Digital banking for 2020 students
If you're a student looking for your first bank account, you may have heard of challenger banks. Here's what they can offer to improve your stressful student life.
Revolut, Monzo, Starling… they’ve been around for a while and loads of young people are opening accounts with them.
Should you do the same? What’s so special about them? Our guide looks at how digital banks can boost your uni life.
Why should students choose digital banking?
Challengers are banks or banking apps that were born with the aim of “challenging” the big, traditional banks, such as Lloyds and Barclays, by offering better deals, bureaucracy-free accounts and better online banking services.
Challenger banks don’t usually offer dedicated student accounts, but their basic current account options come with a series of features that make quite a lot of sense for the typical student who doesn’t know much about banking and whose monthly budget is a bit stretched.
In general, young people seem to like digital banking. A lot, actually.
There’s a bunch of different reasons behind it, but mostly:
- Accounts are fast to set up. Opening a bank account takes a few minutes and you’ll get the card within a few days.
- It’s mobile-friendly. Digital banks come with an app that usually looks good, works well and does cool stuff. For example, most show you data about where and how you spend most of your money. Also, most apps give instant notifications when you use your card to help you keep track of what you spend.
- You don’t need to actually talk to someone to open an account. Don’t shrug your shoulders, we know you like this. You can even set up your account while waiting for your Deliveroo to arrive with that Netflix crime documentary on in the background.
- Free to join and low fees. Most challenger banks offer a free basic account and in most cases won’t charge you for basic banking services such as ATM withdrawals, bank transfers and card payments.
- It can help you save money. When you’re a student, budgeting is an art form – how many gin and tonics can you afford if you still want to eat three decent meals a day? Digital banking apps often have features that can help you budget, by gathering data on your spending habits and regrouping them in clear, colourful graphs.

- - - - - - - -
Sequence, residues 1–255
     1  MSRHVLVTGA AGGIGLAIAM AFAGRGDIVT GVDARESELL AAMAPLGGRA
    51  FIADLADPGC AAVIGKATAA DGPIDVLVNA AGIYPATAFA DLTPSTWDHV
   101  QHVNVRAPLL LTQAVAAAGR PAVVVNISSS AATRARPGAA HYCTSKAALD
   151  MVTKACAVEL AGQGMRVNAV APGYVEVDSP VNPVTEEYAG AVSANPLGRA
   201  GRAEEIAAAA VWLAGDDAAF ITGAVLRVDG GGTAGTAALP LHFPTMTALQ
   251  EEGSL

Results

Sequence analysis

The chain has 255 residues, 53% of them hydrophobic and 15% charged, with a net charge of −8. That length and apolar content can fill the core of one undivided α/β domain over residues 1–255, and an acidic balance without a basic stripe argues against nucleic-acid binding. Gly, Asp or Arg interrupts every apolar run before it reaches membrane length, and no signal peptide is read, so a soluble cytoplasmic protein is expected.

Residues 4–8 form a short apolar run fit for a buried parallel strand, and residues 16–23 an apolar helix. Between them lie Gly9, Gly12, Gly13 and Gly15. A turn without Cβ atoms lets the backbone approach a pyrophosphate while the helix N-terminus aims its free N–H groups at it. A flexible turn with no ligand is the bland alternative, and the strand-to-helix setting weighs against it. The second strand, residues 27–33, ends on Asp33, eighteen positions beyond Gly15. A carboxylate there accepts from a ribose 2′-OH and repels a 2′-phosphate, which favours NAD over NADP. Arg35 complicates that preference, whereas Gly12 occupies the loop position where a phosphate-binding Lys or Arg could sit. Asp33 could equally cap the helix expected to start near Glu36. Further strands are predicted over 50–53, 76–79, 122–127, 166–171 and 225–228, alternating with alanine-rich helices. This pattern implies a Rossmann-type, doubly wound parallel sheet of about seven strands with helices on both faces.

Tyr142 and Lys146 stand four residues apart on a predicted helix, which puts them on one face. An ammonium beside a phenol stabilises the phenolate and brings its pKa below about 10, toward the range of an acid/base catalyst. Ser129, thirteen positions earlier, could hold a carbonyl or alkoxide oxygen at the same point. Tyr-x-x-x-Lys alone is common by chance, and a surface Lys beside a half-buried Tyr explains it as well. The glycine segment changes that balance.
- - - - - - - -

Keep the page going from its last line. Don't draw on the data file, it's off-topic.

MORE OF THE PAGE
- Young brands. For many young people, traditional banks are the banks of their parents. Challenger banks have been able to establish themselves as cool brands. That kind of feeling, although subconscious, often plays a part when you’re choosing a product.
What's in a name: challengers, challenger banks or digital banking apps?
These three terms are often used as synonyms and usually refer to the same group of companies. However, there are some distinctions to make:
- Challengers. It’s quite a general word that refers to the idea that these companies are “challenging” traditional banks and their power in the market.
- Challenger banks. Not all challengers and digital banking apps are entitled to call themselves a “bank”, only those with a full banking licence can, such as Monzo and Starling.
- Digital banking (apps). Challenger banks are usually digital-only, but there are exceptions – Metro Bank is a challenger with a physical presence, for example. The term “digital banking apps” also encompasses budgeting apps such as Yolt or Money Dashboard, which don’t actually hold any funds, but use Open Banking to connect to your current account and help you manage your finances.
What do you get if you open an account with a challenger bank?
As we said, at the very least you should get a free account, a widely accepted card and a slick mobile app.
That’s all very nice and techy, but you’ll be wondering about the concrete rewards and advantages you can obtain with challenger banks. Traditional banks are sometimes better at treating customers with deals and discounts, but apart from easier and cheaper basic banking services, challenger banks also have some extra advantages, such as:
- Overdrafts. Not all challengers offer overdraft facilities, but those that do allow you to apply for one from your banking app in a few seconds.
- Free transactions abroad. Challengers are excellent for travellers and international students as many don’t charge you for using your card abroad and some even allow free ATM withdrawals outside the UK.
- Extra rewards. They’re less common, but there’s some juicy stuff around if you search carefully. Starling, for example, gives you a 0.5% interest rate on your current account balance, while Curve card offers an introductory 1% cashback for 90 days on purchases from a pool of partners that include Sainsbury’s, Netflix and Spotify.
Opening a bank account as an international student in the UK
Many traditional banks only allow you to apply for a student account if you have at least three years of address history in the UK, so if you’re an international student, you’re locked out.
In that case, becoming the customer of a challenger bank can be a nice and tidy solution: you need to be a UK resident but you usually don’t need a proof of address to apply and you can also use your card abroad without any extra fee, which is handy if you’re planning to spend some time back home during the holidays.
Traditional vs challenger banks
If you only look at perks and rewards, in some cases traditional banks beat challenger banks. With traditional banks, you can get discounts on cinema tickets and retailers, cashback options and railcards that make your train trips cheaper. It’s difficult for challengers to match that kind of offer.
Moreover, traditional banks usually offer larger overdrafts, in some cases interest-free.
Pros and cons of challenger banks for students
- Easy and fast to set up
- Slick mobile apps and instant notifications
- Budgeting features that can help you save more
- Free transactions abroad
- No physical branches
- Fewer perks and rewards
- Smaller overdrafts
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